Building a Kotlin Dropwizard Maven REST API from scratch

Part 1: Configuring Maven

Kotlin is a great JVM language, that started being popular with Android development but has started increasing its popularity with other types of development, including backend services.

However most of the tutorials on the internet use Kotlin with Gradle, and while that is a great way to build your Kotlin application, sometimes you will want or need to use Maven instead. The good news is that it also is actually incredibly easy to do as well.

Dropwizard is a light-weight, high performance RESTful API framework, similar to Spring Boot in that it makes it easy to start building something useful quickly, it doesn’t come with a lot of the bloat that Spring applications often do.

This series will run you through every step of the way. You can do all of this manually (after installing Maven and the Java 8 JDK), but I would highly recommend using IntelliJ Community Edition. It’s free and made by the same creators of the Kotlin language. If you are using IntelliJ, click Create New Project, Select Maven, JDK 1.8, next, enter details, next, next, finish.

If doing it manually, after creating a new folder for your project, the first task you will need to do is create a “Project Object Model” file for Maven, named pom.xml

<?xml version="1.0" encoding="UTF-8"?>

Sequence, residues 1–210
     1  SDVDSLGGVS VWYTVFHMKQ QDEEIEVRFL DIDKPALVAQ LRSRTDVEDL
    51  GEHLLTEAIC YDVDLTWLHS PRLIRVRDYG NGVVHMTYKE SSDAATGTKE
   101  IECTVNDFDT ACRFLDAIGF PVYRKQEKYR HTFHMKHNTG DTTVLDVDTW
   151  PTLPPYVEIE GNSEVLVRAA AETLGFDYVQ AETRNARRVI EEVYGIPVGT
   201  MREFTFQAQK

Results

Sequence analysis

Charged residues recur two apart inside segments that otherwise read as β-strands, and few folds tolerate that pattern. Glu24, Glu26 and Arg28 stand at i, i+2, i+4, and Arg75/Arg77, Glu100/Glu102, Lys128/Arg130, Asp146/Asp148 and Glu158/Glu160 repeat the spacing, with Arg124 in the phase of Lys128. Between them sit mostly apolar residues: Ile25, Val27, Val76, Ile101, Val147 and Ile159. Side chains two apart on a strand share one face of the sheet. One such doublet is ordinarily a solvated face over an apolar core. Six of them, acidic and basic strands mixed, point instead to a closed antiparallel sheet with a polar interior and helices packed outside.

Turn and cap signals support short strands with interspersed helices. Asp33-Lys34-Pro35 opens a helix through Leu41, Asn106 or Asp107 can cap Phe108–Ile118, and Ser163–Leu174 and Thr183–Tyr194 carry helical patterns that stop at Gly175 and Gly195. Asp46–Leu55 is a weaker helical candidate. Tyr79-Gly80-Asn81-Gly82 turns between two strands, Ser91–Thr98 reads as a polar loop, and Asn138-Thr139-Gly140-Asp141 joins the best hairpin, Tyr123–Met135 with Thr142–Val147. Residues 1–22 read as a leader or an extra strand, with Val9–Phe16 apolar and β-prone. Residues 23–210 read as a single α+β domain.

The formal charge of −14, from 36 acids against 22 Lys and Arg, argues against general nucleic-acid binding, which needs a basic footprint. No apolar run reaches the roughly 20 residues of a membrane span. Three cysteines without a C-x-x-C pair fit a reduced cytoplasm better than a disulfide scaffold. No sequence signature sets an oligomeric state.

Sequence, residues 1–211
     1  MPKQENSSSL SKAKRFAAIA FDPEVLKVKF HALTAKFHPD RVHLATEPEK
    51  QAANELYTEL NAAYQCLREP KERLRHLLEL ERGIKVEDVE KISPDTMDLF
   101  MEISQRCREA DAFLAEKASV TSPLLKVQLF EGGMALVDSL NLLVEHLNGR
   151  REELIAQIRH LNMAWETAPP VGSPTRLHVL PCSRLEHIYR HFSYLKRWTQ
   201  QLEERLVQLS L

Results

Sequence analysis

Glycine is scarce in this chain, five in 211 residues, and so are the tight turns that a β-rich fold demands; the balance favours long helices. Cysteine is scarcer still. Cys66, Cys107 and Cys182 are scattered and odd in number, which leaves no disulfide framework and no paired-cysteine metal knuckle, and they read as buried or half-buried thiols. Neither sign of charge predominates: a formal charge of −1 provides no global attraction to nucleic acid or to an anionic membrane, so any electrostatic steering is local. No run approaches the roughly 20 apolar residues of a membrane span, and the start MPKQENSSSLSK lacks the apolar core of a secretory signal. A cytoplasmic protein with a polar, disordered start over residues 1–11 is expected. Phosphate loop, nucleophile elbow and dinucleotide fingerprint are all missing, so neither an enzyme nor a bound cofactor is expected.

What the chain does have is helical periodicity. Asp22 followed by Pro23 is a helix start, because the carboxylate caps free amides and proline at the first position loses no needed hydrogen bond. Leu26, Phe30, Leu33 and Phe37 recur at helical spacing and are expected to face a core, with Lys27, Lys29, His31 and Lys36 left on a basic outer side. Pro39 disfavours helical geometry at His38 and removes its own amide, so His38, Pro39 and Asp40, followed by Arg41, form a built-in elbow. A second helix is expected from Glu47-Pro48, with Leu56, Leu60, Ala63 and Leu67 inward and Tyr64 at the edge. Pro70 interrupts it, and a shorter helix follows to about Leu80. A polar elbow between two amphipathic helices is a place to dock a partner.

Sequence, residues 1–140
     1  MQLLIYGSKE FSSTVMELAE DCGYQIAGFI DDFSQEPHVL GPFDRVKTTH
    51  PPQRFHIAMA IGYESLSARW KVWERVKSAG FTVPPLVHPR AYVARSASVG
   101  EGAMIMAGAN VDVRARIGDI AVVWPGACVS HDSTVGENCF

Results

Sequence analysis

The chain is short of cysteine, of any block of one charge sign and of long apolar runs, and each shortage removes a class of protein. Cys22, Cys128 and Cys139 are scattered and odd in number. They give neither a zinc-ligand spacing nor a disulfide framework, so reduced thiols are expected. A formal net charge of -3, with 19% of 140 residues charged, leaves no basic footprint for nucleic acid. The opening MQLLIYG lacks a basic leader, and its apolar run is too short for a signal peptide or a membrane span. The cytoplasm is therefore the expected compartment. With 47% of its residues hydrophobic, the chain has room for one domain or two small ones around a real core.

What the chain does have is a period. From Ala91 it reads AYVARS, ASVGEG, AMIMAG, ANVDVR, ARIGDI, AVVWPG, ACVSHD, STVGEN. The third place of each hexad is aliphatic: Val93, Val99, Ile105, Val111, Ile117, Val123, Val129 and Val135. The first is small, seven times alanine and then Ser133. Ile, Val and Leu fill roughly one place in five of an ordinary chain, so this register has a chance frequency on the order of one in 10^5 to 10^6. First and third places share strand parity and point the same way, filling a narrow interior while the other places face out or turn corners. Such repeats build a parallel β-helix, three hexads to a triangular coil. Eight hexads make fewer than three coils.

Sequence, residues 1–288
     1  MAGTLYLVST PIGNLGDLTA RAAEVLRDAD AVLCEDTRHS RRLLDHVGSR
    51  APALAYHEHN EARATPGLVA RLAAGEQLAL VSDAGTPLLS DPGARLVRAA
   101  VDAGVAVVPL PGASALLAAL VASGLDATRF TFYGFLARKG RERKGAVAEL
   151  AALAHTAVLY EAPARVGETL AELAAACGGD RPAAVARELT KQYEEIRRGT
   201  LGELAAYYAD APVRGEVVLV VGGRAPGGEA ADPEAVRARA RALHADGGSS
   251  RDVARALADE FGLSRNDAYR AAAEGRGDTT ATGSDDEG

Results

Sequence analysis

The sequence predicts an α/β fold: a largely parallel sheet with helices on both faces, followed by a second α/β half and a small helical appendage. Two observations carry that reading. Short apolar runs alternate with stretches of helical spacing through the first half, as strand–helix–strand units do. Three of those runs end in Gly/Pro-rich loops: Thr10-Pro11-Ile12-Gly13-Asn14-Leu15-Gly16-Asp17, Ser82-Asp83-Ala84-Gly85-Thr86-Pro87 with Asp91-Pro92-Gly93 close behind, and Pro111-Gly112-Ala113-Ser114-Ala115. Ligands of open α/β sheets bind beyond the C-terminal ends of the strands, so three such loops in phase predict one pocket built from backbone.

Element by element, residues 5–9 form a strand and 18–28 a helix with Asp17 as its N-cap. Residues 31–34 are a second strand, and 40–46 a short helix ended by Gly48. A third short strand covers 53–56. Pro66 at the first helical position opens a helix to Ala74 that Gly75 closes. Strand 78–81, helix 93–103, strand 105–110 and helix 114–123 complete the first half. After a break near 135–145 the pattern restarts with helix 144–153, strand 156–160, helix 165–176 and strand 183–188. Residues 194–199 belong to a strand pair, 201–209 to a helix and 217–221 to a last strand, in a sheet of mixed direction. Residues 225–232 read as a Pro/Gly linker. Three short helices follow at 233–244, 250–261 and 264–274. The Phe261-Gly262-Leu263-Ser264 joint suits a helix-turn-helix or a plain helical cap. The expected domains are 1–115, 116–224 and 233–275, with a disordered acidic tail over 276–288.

<project xsi:schemaLocation=""
        xmlns="" xmlns:xsi="">




All we have done here is defined some properties about the artefact and some version numbers. Next we need to use Maven for its primary purpose, avoiding dependency hell, and add some libraries to our project. You should not but surprised by this as it’s the topic of this guide, we will be adding Kotlin & Dropwizard, to do this add the below between </properties> and </project>:



Unfortunately, Maven is still not ready to use yet. To finish it off, we need to add the Kotlin plugin so our code can be compiled to bytecode so it can run on the JVM. Just before the </project> closing tag, add the below XML.


Wow! A lot of stuff happening. Let’s break it down into three parts. The two source directory items are just configuring the build tool, telling them where to look for our code that will be added in the next section.

The <plugin> section is configuring the Kotlin plugin to do the compiling our source code for us. Lucky for us the plugin does all the hard work so we don’t have to. Remember the languageVersion and jvmTarget we defined at the beginning? This tells the compiler what version of the JDK we are targeting (Java 8) and what version of the Kotlin language we want to use, 1.3.

Congratulations, you have now completed your POM file, now to start coding.

About the Author


Mannan is a software engineering enthusiast and has been madly coding since 2002. When he isn't coding he loves to travel, so you will find both of these topics on this blog.

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